Basic Principles and Ecological Consequences of Altered Flow Regimes for Aquatic Biodiversity

  title={Basic Principles and Ecological Consequences of Altered Flow Regimes for Aquatic Biodiversity},
  author={Stuart E. Bunn and Angela H. Arthington},
  journal={Environmental Management},
The flow regime is regarded by many aquatic ecologists to be the key driver of river and floodplain wetland ecosystems. We have focused this literature review around four key principles to highlight the important mechanisms that link hydrology and aquatic biodiversity and to illustrate the consequent impacts of altered flow regimes: Firstly, flow is a major determinant of physical habitat in streams, which in turn is a major determinant of biotic composition; Secondly, aquatic species have… 
Mechanistic effects of low-flow hydrology on riverine ecosystems: ecological principles and consequences of alteration
The mechanistic links described in this synthesis can be used to develop and test hypotheses of low-flow hydrological–ecological response relationships in a cause–effect framework that will have value for both research and river flow management.
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Alteration of natural flow regime is considered a major threat to biodiversity in river floodplain ecosystems. Measurements of quantitative relationships between flow regime change and biodiversity
Assessment of River Ecosystems and Environmental Flows: Role of Flow Regimes and Physical Habitat Variables
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Large rivers and their floodplains support a significant proportion of the world's biodiversity and provide important goods and ecological services to society, including fisheries. Riverine
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Avian Community Responses to Variability in River Hydrology
River flow is a major driver of morphological structure and community dynamics in riverine-floodplain ecosystems. Flow influences in-stream communities through changes in water velocity, depth,


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Legitimizing Fluvial Ecosystems as Users of Water: An Overview
It is suggested that fluvial ecosystems are legitimate users of water and that there are basic ecological principles guiding the maintenance of long-term ecological vitality, and basic principles for maintaining the vitality of fluvials ecosystems are presented.
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The basic principles proposed are: the flow regime determines the successional evolution of riparian plant communities and ecological processes, and the riparian corridor serves as a pathway for redistribution of organic and inorganic material that influences plant communities along rivers.
The Role of Disturbance in Stream Ecology
We define disturbance in stream ecosystems to be: any relatively discrete event in time that is characterized by a frequency, intensity, and severity outside a predictable range, and that disrupts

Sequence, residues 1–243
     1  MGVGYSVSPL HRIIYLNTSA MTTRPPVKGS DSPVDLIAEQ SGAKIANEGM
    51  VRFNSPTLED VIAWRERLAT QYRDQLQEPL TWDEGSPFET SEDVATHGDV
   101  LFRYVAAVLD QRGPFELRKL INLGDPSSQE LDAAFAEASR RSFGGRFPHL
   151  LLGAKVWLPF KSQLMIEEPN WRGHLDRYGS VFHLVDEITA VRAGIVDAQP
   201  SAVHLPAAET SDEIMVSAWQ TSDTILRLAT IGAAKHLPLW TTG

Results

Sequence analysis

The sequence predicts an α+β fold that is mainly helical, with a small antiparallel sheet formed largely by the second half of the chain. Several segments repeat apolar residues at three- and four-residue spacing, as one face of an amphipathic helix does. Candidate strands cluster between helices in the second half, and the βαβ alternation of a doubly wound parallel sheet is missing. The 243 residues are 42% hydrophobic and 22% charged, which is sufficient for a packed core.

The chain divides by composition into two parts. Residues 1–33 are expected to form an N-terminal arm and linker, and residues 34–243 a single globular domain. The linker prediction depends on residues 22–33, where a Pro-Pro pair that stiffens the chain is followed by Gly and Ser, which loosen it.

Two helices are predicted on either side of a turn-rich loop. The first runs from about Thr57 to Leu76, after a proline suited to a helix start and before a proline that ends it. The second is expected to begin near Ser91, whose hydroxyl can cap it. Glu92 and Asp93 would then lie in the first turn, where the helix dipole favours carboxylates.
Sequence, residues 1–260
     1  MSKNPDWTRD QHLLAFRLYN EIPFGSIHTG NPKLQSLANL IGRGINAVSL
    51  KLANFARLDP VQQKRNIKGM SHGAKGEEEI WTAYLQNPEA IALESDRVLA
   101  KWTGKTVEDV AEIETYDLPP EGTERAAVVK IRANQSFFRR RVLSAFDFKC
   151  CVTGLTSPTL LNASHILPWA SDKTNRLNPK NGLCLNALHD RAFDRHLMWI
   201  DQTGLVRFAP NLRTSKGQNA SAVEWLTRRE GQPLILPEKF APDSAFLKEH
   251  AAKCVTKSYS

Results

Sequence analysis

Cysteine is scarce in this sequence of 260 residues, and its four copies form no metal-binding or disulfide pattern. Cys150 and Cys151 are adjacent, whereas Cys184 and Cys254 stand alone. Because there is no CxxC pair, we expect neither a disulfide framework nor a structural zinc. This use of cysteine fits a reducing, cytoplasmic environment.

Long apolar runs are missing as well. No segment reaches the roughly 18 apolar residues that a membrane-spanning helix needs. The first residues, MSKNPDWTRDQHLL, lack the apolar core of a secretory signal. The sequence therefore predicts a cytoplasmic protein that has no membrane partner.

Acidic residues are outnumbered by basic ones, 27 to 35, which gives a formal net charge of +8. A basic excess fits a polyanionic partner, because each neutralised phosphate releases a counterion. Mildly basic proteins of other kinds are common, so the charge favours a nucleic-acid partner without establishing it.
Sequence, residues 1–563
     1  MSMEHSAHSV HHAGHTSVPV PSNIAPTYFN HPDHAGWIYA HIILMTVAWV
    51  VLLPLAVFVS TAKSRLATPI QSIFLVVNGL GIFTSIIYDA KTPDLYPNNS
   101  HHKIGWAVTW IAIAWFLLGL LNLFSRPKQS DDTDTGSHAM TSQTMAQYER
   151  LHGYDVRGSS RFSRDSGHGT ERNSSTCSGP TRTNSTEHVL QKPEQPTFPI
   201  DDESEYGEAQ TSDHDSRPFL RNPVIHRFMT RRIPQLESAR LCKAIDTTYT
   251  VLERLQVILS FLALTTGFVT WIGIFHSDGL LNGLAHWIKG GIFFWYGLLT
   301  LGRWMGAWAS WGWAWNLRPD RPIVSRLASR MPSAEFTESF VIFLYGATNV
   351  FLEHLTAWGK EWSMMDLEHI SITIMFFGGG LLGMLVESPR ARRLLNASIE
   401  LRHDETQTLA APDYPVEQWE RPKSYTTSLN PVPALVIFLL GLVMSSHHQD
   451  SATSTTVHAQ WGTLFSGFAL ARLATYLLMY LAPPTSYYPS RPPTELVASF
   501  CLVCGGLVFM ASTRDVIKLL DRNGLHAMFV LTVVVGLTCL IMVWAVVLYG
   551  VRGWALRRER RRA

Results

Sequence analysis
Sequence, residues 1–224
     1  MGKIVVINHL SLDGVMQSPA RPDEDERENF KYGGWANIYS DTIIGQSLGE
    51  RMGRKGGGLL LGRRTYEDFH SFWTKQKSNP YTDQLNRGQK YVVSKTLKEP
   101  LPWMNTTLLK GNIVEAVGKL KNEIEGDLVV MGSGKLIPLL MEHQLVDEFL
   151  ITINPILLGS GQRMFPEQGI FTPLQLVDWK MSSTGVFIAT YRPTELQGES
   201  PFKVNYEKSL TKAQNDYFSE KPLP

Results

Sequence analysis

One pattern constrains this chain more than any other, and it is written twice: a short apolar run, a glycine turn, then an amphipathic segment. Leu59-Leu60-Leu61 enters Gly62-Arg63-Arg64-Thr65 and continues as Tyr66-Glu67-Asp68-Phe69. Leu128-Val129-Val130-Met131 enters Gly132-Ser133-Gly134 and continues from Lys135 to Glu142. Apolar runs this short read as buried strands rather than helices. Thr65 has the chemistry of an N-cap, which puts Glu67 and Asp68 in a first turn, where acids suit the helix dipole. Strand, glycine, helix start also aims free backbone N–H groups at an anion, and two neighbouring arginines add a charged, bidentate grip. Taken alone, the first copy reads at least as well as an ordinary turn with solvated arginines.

Need for Ecosystem Management of Large Rivers and Their Floodplains These phenomenally productive ecosystems produce fish and wildlife and preserve species
The history of floodplain and flood plain management is described and the importance of large river-floodplain ecosystems and some of the consequences of altering the natural river processes, functions, and connectivity are focused on.
The habitat diversity and fish reproductive function of floodplain ecosystems
  • G. Copp
  • Environmental Science
    Environmental Biology of Fishes
  • 2004
The results demonstrate the lotic-to-lentic succession of floodplain ecosystems to be a series of non-sequential reproductive zones, with spawning conditions being reflected by the specific composition and guild structure of the YOY fish assemblages.
The role of sexual reproduction and water regime in shaping the distribution patterns of clonal emergent aquatic plants
The reproductive characteristics of T. procerum in three lagoons in the Mediterranean south-east of South Australia were used to investigate the role of water regime in the often heterogeneous and
Structure and ecological production of the fish taxocene of a small floodplain system
Number of days of stream connection in the spring was not significantly correlated with fish species richness in the pools, and a significant correlation was found between species richness and the logarithm of pool area.
A perspective on dryland river ecosystems
The ecosystem concept should be reappraised as a basic model for rivers, with regard for flow as an organizing variable. This would facilitate comparisons between the large rivers of humid climates,
Invasion Resistance to Introduced Species by a Native Assemblage of California Stream Fishes.
  • D. Baltz, P. Moyle
  • Environmental Science
    Ecological applications : a publication of the Ecological Society of America
  • 1993
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